Following a few simple steps can make the difference in your CV standing out from the crowd and putting you in pole position to be called for that all important interview.
I’ve read many a CV over the years and it still comes as a surprise at how careless people can be with their most valuable document, the ‘passport’ to that job.
Here are some key pointers in knocking that CV into shape:
- Keep it to a maximum of 2 pages – with good editing you’ll surprised how much you can get in, even for seasoned veterans.
- The font size should be 11 or 12 point in Arial or Calibri as these are easy to read.
- No photos of yourself please – you may be gorgeous but if it’s a role behind the camera you want, then it’s simply not necessary.
- Lay it out in chronological order with your credits listed in reverse order.
- Be concise – write short sentences and avoid paragraphs.
- Target your CV to the job you’re applying for – don’t take a scattergun approach.
- List additional skills such as editing, driving licence, foreign language, scuba diving qualification – it could tip the balance in your favour over someone without these.
- Bad spelling and grammar stands out a mile and will immediately go to the reject pile. Re-read it dozens of times and always use spell-check.
- Don’t fib. It’s an incestuous place in telly land – lots of people know lots of people and in turn know lots of people…so you’ll be found out.
All PB members with Pro or Premium membership have the option to add video, audio and images to their profile pages. Uploading media to your profile allows employers to instantly view your work without having to navigate away from the site.
Utilise this by uploading a showreel and/or some images. Here are few pointers!
- Upload media which supports your current work ambitions and strengths.
- You don’t have to be the director to upload the clip.
- Title and Tag your media in the most appropriate way.
- Use the Playlist creator to put together collections of work.
- Expose your media by sharing it with others.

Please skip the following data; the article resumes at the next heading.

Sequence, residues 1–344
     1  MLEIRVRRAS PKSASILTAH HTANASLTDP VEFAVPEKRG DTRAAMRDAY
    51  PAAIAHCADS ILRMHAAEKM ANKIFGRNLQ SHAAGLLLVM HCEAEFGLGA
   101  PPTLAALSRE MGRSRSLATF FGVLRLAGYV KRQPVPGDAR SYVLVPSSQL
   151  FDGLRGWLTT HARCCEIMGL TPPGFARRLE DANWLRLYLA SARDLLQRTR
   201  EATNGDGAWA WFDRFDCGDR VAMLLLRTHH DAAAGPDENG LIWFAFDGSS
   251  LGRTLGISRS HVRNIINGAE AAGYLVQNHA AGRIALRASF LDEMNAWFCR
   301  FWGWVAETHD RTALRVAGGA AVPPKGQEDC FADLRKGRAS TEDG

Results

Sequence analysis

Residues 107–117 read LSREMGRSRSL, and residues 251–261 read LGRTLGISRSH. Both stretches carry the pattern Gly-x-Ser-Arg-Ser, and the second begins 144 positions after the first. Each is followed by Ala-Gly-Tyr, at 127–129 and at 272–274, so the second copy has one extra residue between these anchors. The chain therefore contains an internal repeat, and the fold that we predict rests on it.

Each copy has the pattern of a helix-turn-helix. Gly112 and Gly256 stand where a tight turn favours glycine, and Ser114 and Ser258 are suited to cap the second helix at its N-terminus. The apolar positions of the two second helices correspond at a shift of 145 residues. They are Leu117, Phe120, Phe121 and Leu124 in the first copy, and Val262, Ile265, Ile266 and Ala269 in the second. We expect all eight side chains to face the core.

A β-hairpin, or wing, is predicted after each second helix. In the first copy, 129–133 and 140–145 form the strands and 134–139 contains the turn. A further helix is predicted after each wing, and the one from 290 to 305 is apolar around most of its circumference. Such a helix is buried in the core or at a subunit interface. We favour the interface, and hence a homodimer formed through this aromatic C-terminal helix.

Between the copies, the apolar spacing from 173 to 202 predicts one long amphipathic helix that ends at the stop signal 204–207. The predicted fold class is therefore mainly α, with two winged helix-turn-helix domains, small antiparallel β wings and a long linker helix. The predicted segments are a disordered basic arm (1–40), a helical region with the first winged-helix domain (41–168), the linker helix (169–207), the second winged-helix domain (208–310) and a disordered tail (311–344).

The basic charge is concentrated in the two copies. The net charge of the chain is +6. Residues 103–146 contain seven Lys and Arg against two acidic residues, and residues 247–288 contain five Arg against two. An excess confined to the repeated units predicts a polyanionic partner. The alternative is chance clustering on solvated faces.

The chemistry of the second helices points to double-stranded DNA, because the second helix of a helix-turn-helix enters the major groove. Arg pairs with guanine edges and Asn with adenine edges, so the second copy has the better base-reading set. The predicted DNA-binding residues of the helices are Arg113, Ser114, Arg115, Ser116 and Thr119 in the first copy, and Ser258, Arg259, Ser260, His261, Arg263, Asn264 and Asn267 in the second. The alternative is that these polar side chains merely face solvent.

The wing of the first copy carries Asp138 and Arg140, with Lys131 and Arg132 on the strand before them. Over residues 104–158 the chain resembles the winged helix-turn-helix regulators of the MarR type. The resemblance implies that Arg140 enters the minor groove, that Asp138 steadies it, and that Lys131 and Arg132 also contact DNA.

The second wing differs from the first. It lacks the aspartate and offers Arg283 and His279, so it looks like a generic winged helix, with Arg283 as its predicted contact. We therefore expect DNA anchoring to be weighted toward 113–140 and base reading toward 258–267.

If you’re a Standard Member, you can upgrade to a Pro or Premium membership at any time to add media to your profile page, and increase your exposure. To learn more about uploading media to your profile click here.
ProductionBase is extremely pleased to recommend Crunch – a company that has transformed the previously grey and stuffy world of expensive accounting into a quick and cost-effective process.
How it works:
- Unlike a traditional accountancy firm, Crunch is geared to your needs, not the accountant.
- They remove every single task so you’ll be able to focus on what you’re good at – making programmes.
- You’ll get your very own account manager – that is with you every step of the way.
- From the quick setup process or simple transfer from your old accountant, to looking after all that boring paperwork from HMRC and Companies House.
- You’ll have an expert accountant to talk to, precisely when you need them – especially when you know you are not being charged by the minute.
- They are there to answer all your accountancy and tax questions as well as checking everything you do is correct before it’s submitted.
- Designed for the non-accounting mind, its one of the easiest accounting systems available.
- You’ll be sending invoices in minutes, dropping in expenses and seeing the health of your business instantly.
To find out more, visit Crunch – Online Accounting.
Since we launched the fantastic new upgrades to your membership, we have had a great response, in particular, to the inclusion of your own website.
It’s a fantastic way to showcase your profile and as its part of your PB package, saves you lots of dosh on running and maintaining your own site.
But are you utilising it to its full potential? Here are a few key reminders of getting the best out of it:
Make sure you add the URL to your email signature and business card – it increases the potential of production companies contacting you.
- Your website can be accessed by anyone at anytime.
- Employers and colleagues do not need to be logged into PB or be active members to see your site.
- Your website can be searched via the various search engines in the usual way.
- The content displayed replicates your internal PB profile so there is no need to write duplicate information.
- You’re in control! If for any reason you want to go incognito, you can use your Privacy Settings to restrict the information people see about you.
As always, the PB team are on hand to take you through any questions you may have on this great new facility, so give us a bell if you need profile and set up advice. Give us a call on 0845 496 1418 or email firstname.lastname@example.org.